5.  Interest in Securities of the Issuer:  You’ll get a recap of the prior section here with very standard language.

6.  Contracts, Arrangements, Understandings or Relationships with Respect to the Securities of the Issuer:  In this section, you be made aware of the buyer’s relationship or lack thereof with the company whose securities he is purchasing.  For example, if the filer is a former executive, current board member, or even rival company official, this information will be disclosed here.

7.  Materials to Be Filed as Exhibits:  This is where the more cantankerous filer will include his love letter to the company’s management.  I usually skip to this section, and at times, it may seem a bit like turning right to the gossip page of the newspaper, depending on the filer.  Sometimes, this section will include a letter from the acquiring party with in-depth explanations or what he in not pleased with at the company and what he expects to be done about these items.  Other times, this letter will basically say “Prepare to be Boarded“.

Why should shareholders concern themselves with activist investors and proxy struggles?

As a stockholder, the issues being discussed and voted on in any proxy have a direct effect on how the company will be run or managed.  If you plan to be an investor, even a long-term one, you must at all times be aware of who is calling the shots.  You may have a dissident slate of directors get elected who want nothing more than to authorize a huge one-time dividend, pay out all cash, then sell off whatever’s left of the company; not all activists are good for long-term investors.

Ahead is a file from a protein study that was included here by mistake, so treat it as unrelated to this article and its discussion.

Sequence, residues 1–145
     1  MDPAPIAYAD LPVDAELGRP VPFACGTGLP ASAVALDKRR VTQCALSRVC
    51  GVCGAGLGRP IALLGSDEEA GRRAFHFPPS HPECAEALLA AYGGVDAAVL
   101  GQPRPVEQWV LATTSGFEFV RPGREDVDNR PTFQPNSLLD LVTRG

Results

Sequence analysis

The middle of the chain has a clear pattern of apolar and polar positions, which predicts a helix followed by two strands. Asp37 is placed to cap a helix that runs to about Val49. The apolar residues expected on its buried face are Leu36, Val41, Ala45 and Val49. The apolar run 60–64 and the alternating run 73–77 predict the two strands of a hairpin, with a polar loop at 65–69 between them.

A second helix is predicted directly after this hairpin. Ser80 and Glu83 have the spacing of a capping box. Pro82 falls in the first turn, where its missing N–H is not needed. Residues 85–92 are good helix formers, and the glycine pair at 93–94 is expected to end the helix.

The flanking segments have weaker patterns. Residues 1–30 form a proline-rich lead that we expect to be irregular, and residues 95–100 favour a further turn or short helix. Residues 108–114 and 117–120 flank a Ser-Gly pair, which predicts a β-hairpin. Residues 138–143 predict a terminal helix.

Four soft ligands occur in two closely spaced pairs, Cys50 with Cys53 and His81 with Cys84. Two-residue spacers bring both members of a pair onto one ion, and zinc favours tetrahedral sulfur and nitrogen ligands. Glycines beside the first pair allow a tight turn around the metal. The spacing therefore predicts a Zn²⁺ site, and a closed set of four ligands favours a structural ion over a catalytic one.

Why should traders pay any attention to activism?

If you’re going to be long or short a company’s stock, be sure to understand the calendar and who else is trading along with you.  This may be important if for example, you have decided that a company’s shares are overvalued and have begun to short the stock.  You may become very frustrated if you learn after he fact that an activist shareholder has publicly stated, in a 13D filing, that he intends to purchase additional stock to bring his ownership percentage up to a certain threshold.  This type of buying can hurt your play, regardless of whether or not your analysis is sound.  There are also specific events like record dates and annual shareholder meetings that may impact the trading and pricing of a stock during certain periods of time that you’ll want to be aware of.

Hopefully, this guide to 13D’s has been helpful for those who wish to understand what these filings are and how they work.  In the future, I will discuss many other issues related to shareholder activism, from the main causes for proxy battles, to voting and nominating laws, to stories and biographies about the great activists themselves.

Feel free to send in any questions on the subject you’d like answered.  If I don’t know the answer, I can probably find it!

See also:

Why Activist Shareholders are Gaining Support (Dealscape)

Golden Age for Activist Investors?  ‘Bout Time! (The Reformed Broker)

In Depth: Activist Investors (FT)